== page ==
Even as Democrats relish President Obama’ second inauguration, some party leaders are worried about whether the campaign’s decision to form its own advocacy group will hamstring future generations of Democratic candidates.
Several of the president’s top political advisers and the campaign’s gold mine of a voter database will be housed not at the national party, but at a tax-exempt group called Organizing for Action. It’s the next phase of the year-round campaign apparatus formed after the 2008 campaign to capitalize on Obama’s unprecedented grassroots network and help implement his agenda, only now it will be separate from the Democratic National Committee.
Some activists foresee a power struggle between the national party, which aims to elect Democrats above all else, and the new group, which aims to build the president's legacy -- and may have to pressure wavering swing-state Democrats to tow the unapologetically liberal agenda laid out in his inauguration speech.
But Democratic National Chairwoman Debbie Wasserman Schultz said Tuesday that she was “thrilled” that the president’s campaign would continue as Organizing for Action.
“We can’t start from scratch every four years,” Wasserman Schultz said, after winning election to a second term as committee chairman. “Organizing for Action will enable us to keep those volunteers mobilized and organized and get more of those grassroots volunteers involved in campaigns so that our work at the Democratic Party can continue to be about electing Democrats up and down the ballot.
While Wasserman Schultz said the two political arms would work hand in hand, not all party leaders are convinced.
“We speak Pennsylvania,” said the Pennsylvania Democratic party chairman Jim Burns, "so if you come into Montgomery County and set up shop, you better talk to the party chairman there before you start walking in his backyard. If they don’t engage with us they will be stepping on a lot of land mines.”
Burns added that Obama, Sen. Bob Casey and three other Democrats won statewide in November “because OFA worked with us, not around us.”
Fred Hudson, vice chairman of the Virginia Democratic Party, said OFA would inevitably weaken the traditional party structure.
“We need a unified organization that will bring about victories in 2013 and 2014, and we don’t need to be splitting our efforts,” said Hudson, alluding to his state’s high-stakes race for governor this year. “It’s a recipe for how to lose an election. We’ve been told there will be no competition for fundraising, but that’s difficult for me to accept, and there will certainly be competition for staff and volunteers.”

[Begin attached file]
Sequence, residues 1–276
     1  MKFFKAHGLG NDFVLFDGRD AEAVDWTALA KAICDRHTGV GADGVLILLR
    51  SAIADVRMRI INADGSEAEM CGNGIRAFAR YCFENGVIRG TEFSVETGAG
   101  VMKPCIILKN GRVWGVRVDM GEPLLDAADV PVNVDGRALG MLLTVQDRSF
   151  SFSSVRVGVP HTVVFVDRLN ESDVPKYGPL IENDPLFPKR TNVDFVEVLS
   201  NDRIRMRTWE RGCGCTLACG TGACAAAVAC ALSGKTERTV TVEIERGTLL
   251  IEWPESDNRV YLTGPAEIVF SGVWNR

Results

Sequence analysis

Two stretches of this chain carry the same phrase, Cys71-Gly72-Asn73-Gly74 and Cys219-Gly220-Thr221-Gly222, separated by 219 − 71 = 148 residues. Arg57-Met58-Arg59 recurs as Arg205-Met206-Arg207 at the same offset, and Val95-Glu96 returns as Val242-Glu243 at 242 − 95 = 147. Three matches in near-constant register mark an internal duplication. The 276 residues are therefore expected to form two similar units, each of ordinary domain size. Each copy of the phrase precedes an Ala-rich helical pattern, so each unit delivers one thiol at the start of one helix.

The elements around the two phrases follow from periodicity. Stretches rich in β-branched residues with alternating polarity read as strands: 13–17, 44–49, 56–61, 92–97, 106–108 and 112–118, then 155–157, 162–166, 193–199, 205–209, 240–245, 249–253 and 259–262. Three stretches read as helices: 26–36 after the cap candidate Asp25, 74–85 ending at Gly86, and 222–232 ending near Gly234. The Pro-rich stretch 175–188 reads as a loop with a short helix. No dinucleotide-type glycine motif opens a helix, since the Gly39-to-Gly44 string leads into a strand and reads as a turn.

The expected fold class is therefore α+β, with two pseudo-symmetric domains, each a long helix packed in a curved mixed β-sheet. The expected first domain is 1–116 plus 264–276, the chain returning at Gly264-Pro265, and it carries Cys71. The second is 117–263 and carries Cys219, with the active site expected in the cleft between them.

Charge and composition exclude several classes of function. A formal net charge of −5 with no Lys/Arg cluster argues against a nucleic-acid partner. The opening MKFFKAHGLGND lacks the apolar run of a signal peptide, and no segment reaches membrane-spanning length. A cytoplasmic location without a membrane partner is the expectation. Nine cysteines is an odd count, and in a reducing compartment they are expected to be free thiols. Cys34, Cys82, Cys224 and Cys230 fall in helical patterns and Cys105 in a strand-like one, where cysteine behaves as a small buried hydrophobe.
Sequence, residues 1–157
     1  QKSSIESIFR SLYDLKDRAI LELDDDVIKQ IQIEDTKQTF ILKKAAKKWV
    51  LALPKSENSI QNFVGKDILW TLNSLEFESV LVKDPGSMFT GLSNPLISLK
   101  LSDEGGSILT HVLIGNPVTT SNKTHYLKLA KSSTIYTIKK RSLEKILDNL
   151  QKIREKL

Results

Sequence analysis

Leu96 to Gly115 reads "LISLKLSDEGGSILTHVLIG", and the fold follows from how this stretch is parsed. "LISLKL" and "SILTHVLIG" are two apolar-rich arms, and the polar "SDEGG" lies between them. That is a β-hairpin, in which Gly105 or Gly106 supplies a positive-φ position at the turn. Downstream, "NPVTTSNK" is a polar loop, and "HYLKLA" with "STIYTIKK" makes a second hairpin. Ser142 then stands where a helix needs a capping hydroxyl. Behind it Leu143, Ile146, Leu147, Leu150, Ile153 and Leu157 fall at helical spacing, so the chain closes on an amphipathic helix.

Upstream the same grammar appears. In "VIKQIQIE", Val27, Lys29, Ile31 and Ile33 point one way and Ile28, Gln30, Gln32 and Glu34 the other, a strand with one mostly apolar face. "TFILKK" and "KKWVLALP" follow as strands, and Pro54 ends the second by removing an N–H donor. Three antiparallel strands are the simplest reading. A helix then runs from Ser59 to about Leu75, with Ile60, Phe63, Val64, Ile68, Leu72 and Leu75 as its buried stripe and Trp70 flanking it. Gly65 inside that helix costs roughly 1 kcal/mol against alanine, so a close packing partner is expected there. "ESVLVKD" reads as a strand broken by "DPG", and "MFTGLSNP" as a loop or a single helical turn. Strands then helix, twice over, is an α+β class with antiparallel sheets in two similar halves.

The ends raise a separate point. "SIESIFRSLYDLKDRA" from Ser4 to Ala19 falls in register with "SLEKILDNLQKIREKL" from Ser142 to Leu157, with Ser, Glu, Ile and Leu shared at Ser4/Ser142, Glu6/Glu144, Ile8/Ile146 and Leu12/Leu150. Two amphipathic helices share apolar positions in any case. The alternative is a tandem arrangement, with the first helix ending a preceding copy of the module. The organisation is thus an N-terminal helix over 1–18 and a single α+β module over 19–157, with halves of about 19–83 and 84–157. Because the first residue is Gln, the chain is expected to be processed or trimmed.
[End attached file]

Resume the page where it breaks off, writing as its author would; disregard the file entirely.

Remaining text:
Other Democrats say Obama’s second-term ambitious agenda, including gun control, immigration reform and climate change, demands a separate organization. “I’m thrilled there’s an activist-oriented organization that’s already developed relationships at the grassroots level that will get these issues passed,” said Cindy Lerner, a Miami-area mayor and longtime party leader.
In keeping with the spirit of the Obama campaign, Organizing for Action is been regularly blasting out e-mails and asking for input. More than one thousand people attended its first meeting on Sunday.
The previous incarnation, Organizing for America, had mixed success at transitioning the volunteers who had knocked on doors, worked phone banks and registered voters into becoming lobbyists for the administration’s agenda. The challenge of sustaining the energy of a presidential campaign still exists, and it’s unclear how much voter information Organizing for Action will share with the traditional party committees.
“This is their Declaration of Independence to focus on the president’s legislative goals,” said Donna Brazile, a DNC vice chair, adding, “I’m sure the president and vice president will continue raising money for us.”
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